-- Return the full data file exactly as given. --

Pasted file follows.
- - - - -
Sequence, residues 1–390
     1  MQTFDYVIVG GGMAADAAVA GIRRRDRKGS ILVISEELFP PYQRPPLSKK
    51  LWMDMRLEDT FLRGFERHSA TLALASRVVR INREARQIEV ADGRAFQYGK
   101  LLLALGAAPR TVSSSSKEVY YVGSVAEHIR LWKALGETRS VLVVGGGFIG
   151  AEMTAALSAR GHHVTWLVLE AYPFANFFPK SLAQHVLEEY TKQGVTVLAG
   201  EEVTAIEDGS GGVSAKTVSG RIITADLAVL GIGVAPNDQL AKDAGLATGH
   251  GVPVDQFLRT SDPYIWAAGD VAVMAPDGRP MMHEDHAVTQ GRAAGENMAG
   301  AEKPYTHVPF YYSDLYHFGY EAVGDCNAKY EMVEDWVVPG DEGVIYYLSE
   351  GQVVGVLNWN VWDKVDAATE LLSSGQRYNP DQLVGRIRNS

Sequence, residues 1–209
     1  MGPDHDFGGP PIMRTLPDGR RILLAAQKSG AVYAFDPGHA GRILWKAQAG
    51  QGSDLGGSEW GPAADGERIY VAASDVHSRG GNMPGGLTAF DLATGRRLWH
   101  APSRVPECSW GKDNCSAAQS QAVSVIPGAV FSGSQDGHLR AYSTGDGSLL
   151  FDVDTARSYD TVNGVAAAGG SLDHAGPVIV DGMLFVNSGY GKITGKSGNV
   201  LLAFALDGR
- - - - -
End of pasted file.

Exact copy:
Sequence, residues 1–390
     1  MQTFDYVIVG GGMAADAAVA GIRRRDRKGS ILVISEELFP PYQRPPLSKK
    51  LWMDMRLEDT FLRGFERHSA TLALASRVVR INREARQIEV ADGRAFQYGK
   101  LLLALGAAPR TVSSSSKEVY YVGSVAEHIR LWKALGETRS VLVVGGGFIG
   151  AEMTAALSAR GHHVTWLVLE AYPFANFFPK SLAQHVLEEY TKQGVTVLAG
   201  EEVTAIEDGS GGVSAKTVSG RIITADLAVL GIGVAPNDQL AKDAGLATGH
   251  GVPVDQFLRT SDPYIWAAGD VAVMAPDGRP MMHEDHAVTQ GRAAGENMAG
   301  AEKPYTHVPF YYSDLYHFGY EAVGDCNAKY EMVEDWVVPG DEGVIYYLSE
   351  GQVVGVLNWN VWDKVDAATE LLSSGQRYNP DQLVGRIRNS

Sequence, residues 1–209
     1  MGPDHDFGGP PIMRTLPDGR RILLAAQKSG AVYAFDPGHA GRILWKAQAG
    51  QGSDLGGSEW GPAADGERIY VAASDVHSRG GNMPGGLTAF DLATGRRLWH
   101  APSRVPECSW GKDNCSAAQS QAVSVIPGAV FSGSQDGHLR AYSTGDGSLL
   151  FDVDTARSYD TVNGVAAAGG SLDHAGPVIV DGMLFVNSGY GKITGKSGNV
   201  LLAFALDGR